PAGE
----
If you’re not going to go to a training class here’s what I’d do. I’d rock this little Dachshund’s world. He’d drag a leash on in the house, 30’ of rope outside. I would never reach for the dog. I’d reach for the leash handle. He wouldn’t be allowed up or down stairs, in or outdoors, in the car or out of the car without doing something for me first, (like waiting for up to a minute). He’d have to stay on a mat whenever there was food in a room or I was in the kitchen. He wouldn’t be allowed on a stick of furniture without permission and again I’d make him work for it. He wouldn’t be allowed anywhere I couldn’t get to his leash and when I was busy he’d be a crate (ideally near me). This would go on for a full year. I’d also exercise his rear end off every day, especially before training sessions.

You’ll find any dog is smart enough to “get it” in 90 days but there’s a difference between “getting it” in 90 days and experiencing it for a year. The difference is that as they say, experience is the greatest teacher of all.

Pawsitively yours,

John Wade
*protected email*

21 Comments… add one
J.LeBel

I rescued a part dachshund and we are having aggression issues also. She is only aggressive towards other dogs. She is a very well behaved dog otherwise but it is impossible to take her anywhere (vets,parks,walks in the park) she freaks out when she sees another dog and turns into a tazmanian devil. The pound said she had “cage aggression” .How can I help this dog have a normal life – she is truly worth it.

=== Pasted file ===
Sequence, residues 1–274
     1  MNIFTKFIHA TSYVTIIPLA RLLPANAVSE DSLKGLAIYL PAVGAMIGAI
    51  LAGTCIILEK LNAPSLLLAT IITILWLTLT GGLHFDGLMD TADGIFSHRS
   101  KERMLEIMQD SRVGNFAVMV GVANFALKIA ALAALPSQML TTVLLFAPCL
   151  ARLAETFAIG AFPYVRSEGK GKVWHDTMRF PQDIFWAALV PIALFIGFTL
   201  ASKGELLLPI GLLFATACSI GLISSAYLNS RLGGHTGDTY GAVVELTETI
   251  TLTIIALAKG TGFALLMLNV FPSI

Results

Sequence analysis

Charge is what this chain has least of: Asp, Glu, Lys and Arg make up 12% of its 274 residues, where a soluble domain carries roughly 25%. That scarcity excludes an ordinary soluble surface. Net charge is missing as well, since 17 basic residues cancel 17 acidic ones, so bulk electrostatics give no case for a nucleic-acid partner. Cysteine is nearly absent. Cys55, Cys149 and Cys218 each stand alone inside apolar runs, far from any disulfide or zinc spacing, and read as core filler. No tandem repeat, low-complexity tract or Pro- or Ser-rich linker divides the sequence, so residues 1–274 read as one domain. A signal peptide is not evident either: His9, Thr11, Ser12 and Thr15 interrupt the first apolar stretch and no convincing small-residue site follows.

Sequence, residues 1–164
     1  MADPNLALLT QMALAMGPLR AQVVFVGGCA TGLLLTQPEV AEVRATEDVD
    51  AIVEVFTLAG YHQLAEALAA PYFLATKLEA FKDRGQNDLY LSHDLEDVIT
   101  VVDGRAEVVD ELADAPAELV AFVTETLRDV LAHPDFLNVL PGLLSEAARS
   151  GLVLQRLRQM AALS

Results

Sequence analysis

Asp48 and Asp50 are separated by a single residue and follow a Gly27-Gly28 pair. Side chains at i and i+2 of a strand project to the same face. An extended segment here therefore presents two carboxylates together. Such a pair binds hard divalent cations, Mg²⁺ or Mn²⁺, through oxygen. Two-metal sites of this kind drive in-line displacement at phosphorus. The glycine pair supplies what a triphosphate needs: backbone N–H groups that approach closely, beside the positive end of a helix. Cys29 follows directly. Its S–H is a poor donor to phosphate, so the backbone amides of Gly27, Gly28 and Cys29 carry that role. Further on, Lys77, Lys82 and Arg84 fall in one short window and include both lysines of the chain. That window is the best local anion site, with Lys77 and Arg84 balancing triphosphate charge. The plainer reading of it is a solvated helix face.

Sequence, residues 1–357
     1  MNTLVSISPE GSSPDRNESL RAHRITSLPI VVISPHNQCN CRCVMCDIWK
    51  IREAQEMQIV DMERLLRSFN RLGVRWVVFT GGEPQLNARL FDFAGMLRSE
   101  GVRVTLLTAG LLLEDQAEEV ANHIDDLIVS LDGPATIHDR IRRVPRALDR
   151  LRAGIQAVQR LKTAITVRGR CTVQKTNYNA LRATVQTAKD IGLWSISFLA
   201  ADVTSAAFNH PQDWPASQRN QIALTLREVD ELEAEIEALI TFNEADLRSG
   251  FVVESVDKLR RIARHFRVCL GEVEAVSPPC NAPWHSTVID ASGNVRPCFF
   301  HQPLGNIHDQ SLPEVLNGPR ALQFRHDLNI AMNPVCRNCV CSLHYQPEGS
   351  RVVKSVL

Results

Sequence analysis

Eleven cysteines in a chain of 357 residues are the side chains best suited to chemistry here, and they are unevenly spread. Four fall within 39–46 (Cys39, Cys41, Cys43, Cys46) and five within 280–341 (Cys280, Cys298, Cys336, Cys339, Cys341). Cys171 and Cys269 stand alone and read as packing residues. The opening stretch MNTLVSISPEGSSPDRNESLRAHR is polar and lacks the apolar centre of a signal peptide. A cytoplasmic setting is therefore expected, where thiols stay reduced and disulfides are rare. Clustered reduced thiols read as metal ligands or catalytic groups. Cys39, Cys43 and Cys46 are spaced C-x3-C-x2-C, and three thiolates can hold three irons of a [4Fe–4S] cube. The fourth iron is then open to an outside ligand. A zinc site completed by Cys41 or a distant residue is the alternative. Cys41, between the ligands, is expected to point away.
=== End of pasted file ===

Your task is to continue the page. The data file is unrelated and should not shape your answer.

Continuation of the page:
John "Ask the Dog Guy" Wade

There may be other factors but the main reason these things get out of hand has less to do with the relationship the dogs have each other and more with the relationship they don’t have with their owner. Think of it in terms of human children. It these were two eight year old boys constantly scrapping, yes it’s possible one or the other has a screw loose but much more likely they don’t respect their parent(s) enough to abide by house rules. I would suggest you buy a copy of my book “The Beautiful Balance – Dog Training with Nature’s Template“. It’s downloadable and inexpensive. Either that or get a trainer in to help you.